If n_{1}>n_{2}, the following steps may be performed. The target electrical impedance Z_{t }may be used to determine a required value of mounted resistance R_{m-req }for n_{1 }of the discrete electrical capacitors. The required value of mounted resistance R_{m-req }for the n_{1 }capacitors may be determined using:

*R*
_{m-req}
*=n*
_{1}
*·Z*
_{t }

The number n_{1 }of the discrete electrical capacitors may be selected, wherein each of the n_{1 }capacitors has an equivalent series resistance (ESR) which is less than the required value of mounted resistance R_{m-req}. The mounted resistance R_{m }of a representative one of the n_{1 }capacitors may be determined when the representative capacitor is coupled between the pair of parallel planar conductors and when the electrical resistance of a corresponding electrical resistance element is zero. The electrical resistance of each of n_{1 }electrical resistance elements may be determined by subtracting the mounted resistance R_{m }of the representative capacitor from the required value of mounted resistance R_{m-req}. The n_{1 }discrete electrical capacitors and the n_{1 }electrical resistance elements may be electrically coupled between the planar conductors such that: (i) each of the n_{1 }discrete electrical capacitors is coupled in series with a corresponding one of the n_{1 }electrical resistance elements, (ii) n_{2 }of the discrete electrical capacitors and the corresponding electrical resistance elements are positioned along an outer perimeter of the planar conductors, and (iii) the remaining (n_{1}-n_{2}) capacitors and the corresponding electrical resistance elements are dispersed across a surface of at least one of the planar conductors.

Regarding distance d_{p }around the outer edges (i.e., the outer perimeter) of the electrical power distribution structure, the electrical power distribution structure may have, for example, four sides arranged as two pairs of opposite sides. The sides forming one of the pairs of opposite sides may have equal lengths x, and the other two opposite sides may have equal lengths y. In this situation, the distance d_{p }around the outer perimeter of the electrical power distribution structure is equal to 2·(x+y).

Other aspects of the invention will become apparent upon reading the following detailed description and upon reference to the accompanying drawings in which:

FIG. 1 is a diagram of an electrical model of a capacitor (e.g., a bypass capacitor) valid over a range of frequencies including a resonant frequency f_{res }of the capacitor, wherein the electrical model includes an ideal capacitor, an ideal resistor, and an ideal inductor in series between two terminals of the capacitor, and wherein the ideal capacitor has a value C equal to a capacitance of the capacitor, and wherein the ideal resistor has a value equal to an equivalent series resistance (ESR) of the capacitor, and wherein the ideal inductor has a value equal to an equivalent series inductance (ESL) of the capacitor;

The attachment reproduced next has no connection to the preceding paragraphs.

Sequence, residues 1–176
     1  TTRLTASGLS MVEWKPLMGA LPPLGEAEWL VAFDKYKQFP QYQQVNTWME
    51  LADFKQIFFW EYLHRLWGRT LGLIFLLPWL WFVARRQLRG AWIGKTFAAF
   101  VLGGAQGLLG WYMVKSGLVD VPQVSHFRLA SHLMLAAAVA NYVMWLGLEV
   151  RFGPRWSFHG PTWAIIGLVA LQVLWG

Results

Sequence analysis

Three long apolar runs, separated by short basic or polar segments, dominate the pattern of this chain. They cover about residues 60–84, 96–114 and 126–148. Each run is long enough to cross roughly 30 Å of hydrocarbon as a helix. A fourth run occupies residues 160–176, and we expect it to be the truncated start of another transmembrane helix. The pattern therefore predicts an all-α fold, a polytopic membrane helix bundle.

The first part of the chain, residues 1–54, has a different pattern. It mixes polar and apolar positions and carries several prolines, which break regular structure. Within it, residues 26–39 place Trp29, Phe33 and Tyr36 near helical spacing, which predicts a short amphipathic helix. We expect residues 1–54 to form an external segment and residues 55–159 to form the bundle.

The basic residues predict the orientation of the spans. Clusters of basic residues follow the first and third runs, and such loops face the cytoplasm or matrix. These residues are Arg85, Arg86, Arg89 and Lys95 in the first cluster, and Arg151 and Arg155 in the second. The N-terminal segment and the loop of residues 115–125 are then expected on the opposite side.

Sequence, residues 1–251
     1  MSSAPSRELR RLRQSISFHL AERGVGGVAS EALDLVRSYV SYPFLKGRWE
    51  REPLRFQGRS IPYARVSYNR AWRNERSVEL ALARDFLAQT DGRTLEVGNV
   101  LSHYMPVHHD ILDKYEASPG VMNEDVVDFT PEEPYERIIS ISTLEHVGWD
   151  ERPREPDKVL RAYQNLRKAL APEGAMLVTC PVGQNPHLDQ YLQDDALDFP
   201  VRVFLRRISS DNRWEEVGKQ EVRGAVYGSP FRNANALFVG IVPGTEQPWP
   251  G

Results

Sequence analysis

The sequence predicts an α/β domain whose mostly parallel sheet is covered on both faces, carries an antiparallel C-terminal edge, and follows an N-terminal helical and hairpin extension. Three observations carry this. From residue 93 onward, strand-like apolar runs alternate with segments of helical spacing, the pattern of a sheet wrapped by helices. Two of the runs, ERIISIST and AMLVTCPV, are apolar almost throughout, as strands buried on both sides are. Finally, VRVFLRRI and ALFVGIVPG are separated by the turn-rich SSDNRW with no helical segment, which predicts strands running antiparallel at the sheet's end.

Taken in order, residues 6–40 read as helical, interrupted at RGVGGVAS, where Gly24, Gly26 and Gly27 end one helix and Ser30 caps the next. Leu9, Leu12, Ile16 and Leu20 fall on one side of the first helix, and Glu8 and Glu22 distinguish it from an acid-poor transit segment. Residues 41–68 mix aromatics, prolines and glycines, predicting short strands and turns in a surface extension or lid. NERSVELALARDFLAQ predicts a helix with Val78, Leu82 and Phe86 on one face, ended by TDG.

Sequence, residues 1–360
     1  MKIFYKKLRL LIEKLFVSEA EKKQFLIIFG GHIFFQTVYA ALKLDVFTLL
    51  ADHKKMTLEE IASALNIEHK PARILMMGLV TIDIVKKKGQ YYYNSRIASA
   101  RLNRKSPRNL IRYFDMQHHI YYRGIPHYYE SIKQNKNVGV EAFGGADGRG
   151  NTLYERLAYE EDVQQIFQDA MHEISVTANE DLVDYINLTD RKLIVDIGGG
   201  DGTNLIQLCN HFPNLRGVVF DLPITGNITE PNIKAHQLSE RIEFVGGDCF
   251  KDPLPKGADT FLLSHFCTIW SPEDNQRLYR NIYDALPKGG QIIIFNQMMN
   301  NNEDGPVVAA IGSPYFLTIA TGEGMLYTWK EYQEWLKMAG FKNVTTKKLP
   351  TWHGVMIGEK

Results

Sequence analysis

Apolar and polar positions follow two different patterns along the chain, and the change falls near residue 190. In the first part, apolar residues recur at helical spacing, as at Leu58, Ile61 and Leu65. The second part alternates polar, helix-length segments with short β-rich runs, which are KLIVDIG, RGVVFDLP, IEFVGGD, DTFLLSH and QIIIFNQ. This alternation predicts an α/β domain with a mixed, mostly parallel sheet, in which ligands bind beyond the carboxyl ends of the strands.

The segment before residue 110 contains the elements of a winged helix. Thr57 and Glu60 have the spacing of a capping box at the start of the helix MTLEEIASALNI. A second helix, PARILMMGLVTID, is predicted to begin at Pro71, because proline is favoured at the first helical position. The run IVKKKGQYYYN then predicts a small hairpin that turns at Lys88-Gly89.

FIG. 2 is a graph of the logarithm of the magnitude of the electrical impedance (Z) between the terminals of the electrical model of FIG. 1 versus the logarithm of frequency f;

FIG. 3 is a perspective view of a structure including a pair of 10 in.×10 in. square conductive planes separated by a dielectric layer having a dimension or height h between the conductive planes;

FIG. 4 is a graph of the simulated magnitude of electrical impedance (Z) of the structure of FIG. 3 between the pair of rectangular conductive planes versus frequency;

FIG. 5 is a cross sectional view of a portion of one embodiment of an electrical interconnecting apparatus including a power distribution structure having two different pairs of conductive power planes, wherein the interconnecting apparatus includes two signal planes between the pairs of power planes;

FIG. 6 is a cross sectional view of a portion of one embodiment of an electrical interconnecting apparatus including a power distribution structure having three different pairs of conductive power planes, wherein the interconnecting apparatus includes two signal planes between a first and a second of the three pairs of power planes, and two more signal planes between the second and the third of the three pairs of power planes;

FIG. 7 is a perspective view of a portion of an electrical power distribution structure including a capacitor (e.g., an interdigitated capacitor) mounted upon an upper surface of an interconnecting apparatus and electrically coupled between an electrical power (i.e., power) conductor layer and an electrical ground (i.e., ground) conductor layer of the interconnecting apparatus;

FIG. 8 is a top plan view of one embodiment of the power conductor layer of FIG. 7 following a process (e.g., an etch process) during which a portion of an electrically conductive material (e.g., a metal) forming the power conductor layer is removed from an isolation region, thereby forming an island electrically isolated from a remainder of the power conductor layer;